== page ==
NACOGDOCHES, Texas - Students in the Stephen F. Austin State University School of Theatre earned prestigious honors and made impressive presentations at the Kennedy Center American College Theatre Festival for Region VI held recently in Abilene.

Arkansas, Louisiana, Oklahoma, New Mexico and Texas comprise KCACTF's Region VI, and students in junior colleges, colleges and universities competed against one another for awards.

The Irene Ryan Acting Scholarships provide recognition, honor and financial assistance to outstanding student performers wishing to pursue further education. Since 1972, the Irene Ryan Foundation of Encino, California, has awarded scholarships to the outstanding student performers at each regional festival. These scholarships are made possible by the generosity of the late American actress Irene Ryan who is best remembered for her portrayal of the lovable and feisty Granny Clampett in "The Beverly Hillbillies." All student actors in both participating and associate productions are eligible for consideration for these $500 regional scholarships.

This year's Irene Ryan acting competition consisted of 162 teams (student actors are nominated based on their work in a theatrical production) vying for the first place spot. Earning first place allows the winner to go to Washington, D.C., to compete and represent the region against the rest of the nation, according to Cleo House Jr., director of the SFA School of Theatre.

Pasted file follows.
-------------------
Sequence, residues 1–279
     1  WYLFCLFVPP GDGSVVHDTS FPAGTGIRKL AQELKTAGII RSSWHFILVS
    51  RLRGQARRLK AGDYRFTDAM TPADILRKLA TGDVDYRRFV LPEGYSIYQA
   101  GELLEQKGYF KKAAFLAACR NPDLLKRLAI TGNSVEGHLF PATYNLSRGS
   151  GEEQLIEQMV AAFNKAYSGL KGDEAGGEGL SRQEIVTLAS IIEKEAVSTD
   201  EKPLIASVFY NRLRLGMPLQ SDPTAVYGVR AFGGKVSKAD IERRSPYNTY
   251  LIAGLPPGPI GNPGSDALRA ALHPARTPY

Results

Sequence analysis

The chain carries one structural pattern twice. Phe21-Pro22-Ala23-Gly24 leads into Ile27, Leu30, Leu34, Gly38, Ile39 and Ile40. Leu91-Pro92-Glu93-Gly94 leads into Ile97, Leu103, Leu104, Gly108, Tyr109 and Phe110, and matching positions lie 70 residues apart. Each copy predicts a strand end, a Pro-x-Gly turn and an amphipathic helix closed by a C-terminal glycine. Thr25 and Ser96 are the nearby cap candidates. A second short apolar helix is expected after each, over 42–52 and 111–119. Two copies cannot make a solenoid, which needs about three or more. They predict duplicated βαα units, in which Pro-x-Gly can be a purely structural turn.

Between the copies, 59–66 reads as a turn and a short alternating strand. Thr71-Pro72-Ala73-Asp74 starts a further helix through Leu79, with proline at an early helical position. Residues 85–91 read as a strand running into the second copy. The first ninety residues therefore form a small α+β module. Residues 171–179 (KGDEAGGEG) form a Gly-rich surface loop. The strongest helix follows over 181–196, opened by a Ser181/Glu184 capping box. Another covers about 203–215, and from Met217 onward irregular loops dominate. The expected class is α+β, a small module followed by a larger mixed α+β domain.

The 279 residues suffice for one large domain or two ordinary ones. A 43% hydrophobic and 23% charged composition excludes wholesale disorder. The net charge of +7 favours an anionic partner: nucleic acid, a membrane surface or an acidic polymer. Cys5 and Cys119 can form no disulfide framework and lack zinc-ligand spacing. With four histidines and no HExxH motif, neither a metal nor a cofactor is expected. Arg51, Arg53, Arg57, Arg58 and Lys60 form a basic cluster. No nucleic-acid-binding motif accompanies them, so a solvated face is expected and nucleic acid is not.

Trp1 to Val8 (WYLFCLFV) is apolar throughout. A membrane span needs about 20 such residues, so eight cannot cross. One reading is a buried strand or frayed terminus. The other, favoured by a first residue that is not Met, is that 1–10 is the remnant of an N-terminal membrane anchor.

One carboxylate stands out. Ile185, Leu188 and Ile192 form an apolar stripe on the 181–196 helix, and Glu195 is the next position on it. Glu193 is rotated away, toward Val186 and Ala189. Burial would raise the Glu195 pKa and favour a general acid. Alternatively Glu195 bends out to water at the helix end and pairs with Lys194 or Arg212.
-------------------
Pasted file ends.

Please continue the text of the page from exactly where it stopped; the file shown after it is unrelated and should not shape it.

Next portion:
SFA submitted three teams of two, including sophomore theatre major Kaitlyn McDearmont of Sulpher Springs and her scene partner, junior theatre major Triston Haq of Baytown; sophomore theatre major Crayten Clendion of Cypress and her scene partner, junior theatre major Kiara Hawkins of Tyler; and senior theatre major Ga'Brielle Charlot of Houston and her scene partner, senior theatre major Alex Duty of Needville.

Charlot and Duty advanced to the semifinals where the teams were whittled down from 162 to 32. The SFA representatives then advanced to the final round for further elimination.

"Charlot and Duty won first runner up, just one team away from going to D.C.," House said. "This is an excellent opportunity for our students, as both Charlot and Duty will now be able to skip the prescreening process at the United Resident Theatre Association auditions in 2020 where they can audition for graduate schools and professional theatre companies."

Copperas Cove senior theatre major Sarah Wiseman's "The Game" was chosen from more than 60 one-act plays to be one of six given a concert-style staged reading at the festival. Each play received a half-hour response from two professional playwrights and will be considered for nomination to the national festival in Washington, D.C.

"This type of recognition by the Kennedy Center American College Theatre Festival will assist Wiseman tremendously in application to graduate schools where she will be a candidate for an M.F.A. in playwriting," House said.

The School of Theatre's devised theatre group, Speak Up, performed at the festival, as well. Additional student presentations were made in the area of lighting design by senior theatre major Mia Lindemann of Prosper and in stage management by junior theatre major Katie Irwin of Tyler.

"This is SFA's second year participating in KCACTF and the second year we've had a student team make it to the finals in the Irene Ryan Acting Competition," House said.

House and fellow theatre faculty member Dr. Slade Billew coached the Irene Ryan teams. Faculty member Jackie Rosenfeld is the chair of the National Playwriting Program.